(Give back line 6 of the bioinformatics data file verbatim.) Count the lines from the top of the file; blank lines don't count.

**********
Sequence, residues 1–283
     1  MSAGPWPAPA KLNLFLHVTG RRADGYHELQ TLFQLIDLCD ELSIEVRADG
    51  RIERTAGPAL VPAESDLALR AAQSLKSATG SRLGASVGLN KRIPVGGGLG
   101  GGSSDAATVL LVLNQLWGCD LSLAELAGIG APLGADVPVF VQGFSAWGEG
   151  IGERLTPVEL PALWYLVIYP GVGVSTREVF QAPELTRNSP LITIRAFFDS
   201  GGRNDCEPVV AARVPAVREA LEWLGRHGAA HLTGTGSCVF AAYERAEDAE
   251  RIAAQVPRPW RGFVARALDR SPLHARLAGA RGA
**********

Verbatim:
   201  GGRNDCEPVV AARVPAVREA LEWLGRHGAA HLTGTGSCVF AAYERAEDAE